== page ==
3-3) Reductive dechlorination of high concentrations of chloroethenes by a Dehalococcoides Mccartyi strain 11G

A study conducted at the National University of Singapore and published on 18 October, 2018 was successfully able to show the reductive dechlorination of high concentrations of chlorethenes by a Dehalococcoides Mccartyi strain 11G. Reductive dechlorination has been established as a reliable in situ treatment for chloroethenes in anaerobic and anoxic conditions. Dehalococcoides is the most effective genus that can detoxify chloroethenes to the harmless compound ethene. This study isolated the Dehalococcoides Mccartyi strain 11G and found that it has tolerance to elevated chloroethene concentrations.

The authors of this study established a microcosm with mangrove sediment in defined DCB-1 medium and amended with acetate as a carbon source and and hydrogen as an electron donor exhibited complete dechlorination of TCE at high concentrations (up to 3.0 mM) to ethene, with the production of cis-DCE and trace amounts of VC as intermediates under strictly anaerobic conditions after 90 days’ incubation. To achieve complete dechlorination, 3 mM TCE rather than higher concentrations was spiked in the following consecutive sub-culturing, and a highly enriched culture which maintained TCE-to-ethene dechlorinating capability was obtained. This enrichment culture exhibited faster dechlorination (dechlorinating 3.0mM TCE within 40 days) than the original microcosm. Only three major populations were present in the enrichment, among which, Dehalococcoides, an obligate OHRB, became the dominant genus, accounting for 63.52% of the community, with Clostridium (17.95%) and Sulfurospirillum (12.94%) making up the rest.

Serial dilution-to-extinction was performed to separate potential TCE dechlorinating bacteria from the highly enriched culture. After five successive serial dilutions, complete conversion of TCE to ethene was repeatedly detected in 10−1–10−7 dilutions. Twenty randomly picked clones from a clone library analysis of a sample from the 10−7 dilution were identified as D. mccartyi and shared an identical sequence. After tests like Fluorescence microscopy revealed uniform disc-shaped morphology, which is similar to that of other Dehalococcoides strains (Löffler et al. 2013) and real-time quantitative PCR (Polymerase Chain Reaction) was applied to quantify the cell growth using bacteria- and Dehalococcoides-specific primer pairs, these results suggest that a pure D. mccartyi strain, designated D. mccartyi strain 11G, was obtained.

While the authors of the study did a great job of identifying and demonstrating the high tolerance to chloroethene of the 11G strain using practical experiments and existing literature to support their findings, the presentation of the paper was slightly complex and the writing and presentation of the paper was slightly flawed. The authors referred to figures that were not published in the paper and used acronyms that were not elaborated upon making the reading and understanding experience puzzling.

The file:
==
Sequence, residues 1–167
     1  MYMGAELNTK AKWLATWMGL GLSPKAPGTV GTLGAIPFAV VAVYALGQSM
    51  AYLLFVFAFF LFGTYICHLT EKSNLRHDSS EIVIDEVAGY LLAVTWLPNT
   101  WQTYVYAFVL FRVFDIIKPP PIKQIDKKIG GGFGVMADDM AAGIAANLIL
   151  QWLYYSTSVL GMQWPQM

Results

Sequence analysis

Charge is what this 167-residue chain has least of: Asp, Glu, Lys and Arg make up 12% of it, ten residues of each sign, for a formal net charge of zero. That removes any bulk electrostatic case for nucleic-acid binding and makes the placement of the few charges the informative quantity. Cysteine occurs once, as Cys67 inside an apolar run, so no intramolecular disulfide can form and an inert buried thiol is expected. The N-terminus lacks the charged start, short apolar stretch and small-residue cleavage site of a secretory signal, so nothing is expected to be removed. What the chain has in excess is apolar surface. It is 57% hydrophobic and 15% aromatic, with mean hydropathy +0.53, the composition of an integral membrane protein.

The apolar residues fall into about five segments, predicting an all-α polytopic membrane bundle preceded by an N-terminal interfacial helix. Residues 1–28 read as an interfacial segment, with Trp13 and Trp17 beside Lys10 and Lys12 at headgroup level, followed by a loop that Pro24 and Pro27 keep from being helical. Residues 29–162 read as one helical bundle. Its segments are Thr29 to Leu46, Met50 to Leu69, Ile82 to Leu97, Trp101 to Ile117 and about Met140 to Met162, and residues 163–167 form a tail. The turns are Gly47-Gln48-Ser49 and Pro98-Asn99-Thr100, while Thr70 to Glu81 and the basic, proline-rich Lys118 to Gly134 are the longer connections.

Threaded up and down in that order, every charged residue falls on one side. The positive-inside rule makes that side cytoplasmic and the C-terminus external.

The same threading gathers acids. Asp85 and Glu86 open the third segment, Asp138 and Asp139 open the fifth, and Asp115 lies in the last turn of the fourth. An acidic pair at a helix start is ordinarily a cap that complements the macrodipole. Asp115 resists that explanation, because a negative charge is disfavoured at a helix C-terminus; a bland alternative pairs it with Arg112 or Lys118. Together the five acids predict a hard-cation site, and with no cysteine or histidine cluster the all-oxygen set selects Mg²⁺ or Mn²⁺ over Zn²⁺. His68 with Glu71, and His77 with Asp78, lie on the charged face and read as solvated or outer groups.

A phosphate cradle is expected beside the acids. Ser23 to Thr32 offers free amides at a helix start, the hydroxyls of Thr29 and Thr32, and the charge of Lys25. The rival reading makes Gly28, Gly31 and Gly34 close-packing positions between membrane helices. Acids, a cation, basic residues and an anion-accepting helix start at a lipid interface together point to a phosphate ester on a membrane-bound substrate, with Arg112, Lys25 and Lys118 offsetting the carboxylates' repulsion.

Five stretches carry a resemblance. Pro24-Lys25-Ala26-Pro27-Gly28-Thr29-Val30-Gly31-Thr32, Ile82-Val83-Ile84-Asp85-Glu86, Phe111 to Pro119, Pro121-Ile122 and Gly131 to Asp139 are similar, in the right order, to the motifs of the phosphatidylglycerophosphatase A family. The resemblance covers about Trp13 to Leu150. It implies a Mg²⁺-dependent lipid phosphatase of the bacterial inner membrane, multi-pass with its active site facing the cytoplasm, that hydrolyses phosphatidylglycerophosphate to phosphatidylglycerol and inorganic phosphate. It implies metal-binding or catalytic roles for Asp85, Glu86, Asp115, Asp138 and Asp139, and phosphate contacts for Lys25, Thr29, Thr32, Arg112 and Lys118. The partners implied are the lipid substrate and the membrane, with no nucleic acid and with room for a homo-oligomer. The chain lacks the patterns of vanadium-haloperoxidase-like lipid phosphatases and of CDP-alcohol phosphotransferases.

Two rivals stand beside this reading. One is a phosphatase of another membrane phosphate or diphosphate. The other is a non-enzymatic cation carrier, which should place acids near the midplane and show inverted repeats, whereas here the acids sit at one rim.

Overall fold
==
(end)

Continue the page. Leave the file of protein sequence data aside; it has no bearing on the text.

Conclusion

 Chemical compounds are the double-edged swords. It helps us to live our life with enrichment and aids the reactions human cannot manipulate. However, as halogenated compounds, it also can detrimentally destroy environment, ecosystem, and corrupted water quality. Thus, I think this paper alters our attention on use of chemical compounds as well as appreciation on mechanisms of nature. Because microorganisms, even people are unknown, play a crucial role on remediate our nature, contaminated by human. Consequently, I think it is important to discovery mechanisms of their roles and pathways to aid their activity for achieving efficient result on bioremediation.

In this context, estimating and evaluating interaction in microbial community is imperative to perceive. Because it may help to be coexisted in same habitat as syntrophy, however, it can be treated to be living in same habitat. As mentioned in body paragraph, some microorganisms - methanogens and acetogens - compete for consuming hydrogen as electron acceptor with strains to degrade halogenated compounds. Therefore estimating total amount of required electron acceptor is essential step should take before evaluating effectiveness of remediation.

In addition, utilizing bacteria consortia can produce higher efficient result on degradation than employing single strain. Hence, based on current observation and understanding, it would be worth to construct bacteria consortia to remediate contaminated site by halogenated aliphatic compound.


References

  1. International Labour Organization content manager. (2011, August 03). Hydrocarbon, Aliphatic and Halogenated. Retrieved from http://www.iloencyclopaedia.org/part-xviii-10978/guide-to-chemicals/104/hydrocarbons-aliphatic-and-halogenated?fbclid=IwAR0De7eMlNcEPuqf7kMc9K4laSqWGMnZRRbsxDLnLdajwUBdpuLk-N2QcpI
  2. G. Rasul Chaudhry, & S. Chapalamadugu. (1991). Biodegradation of Halogenated Organic Compounds. Microbiological review, pp 59-79
  3. Stellman, J. M. (1998). HYDROCARBONS, HYLOGENATED AROMATIC. Encyclopaedia of Occupational Health and Safety, Vol. 4, pp 104·286-288
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  8. Xavier Maymó-Gatell., Yueh-tyng Chien., James M. Gossett., & Stephen H. Zinder. (1997). Isolation of Bacterium that Reductively Dechlorinates Tetrachloroethene to Ethene. Science, Vol. 276
  9. Yang, Oh Jin, & Timothy E. Mattes. (2008). Adaptation of aerobic ethane-assimilating Mycobacterium Strains to Vinyl Chloride as a growth substrate. Environ. Sci. Technol, 42, 4784-4789
  10.  Siyan Zhao, & Jianzhong He. (2018). Reductive dechlorination of high concentrations of chloroethenes by a Dehalococcoides mccartyi strain 11G. FEMS Microbiology Ecology, 95
  11. Madigan, M. T., Martinko, J. M., Bender, K. S., Buckley, D. H., & Stahl, D. A. (2018). Brock biology of microorganisms, 5th ed., Boston: Pearson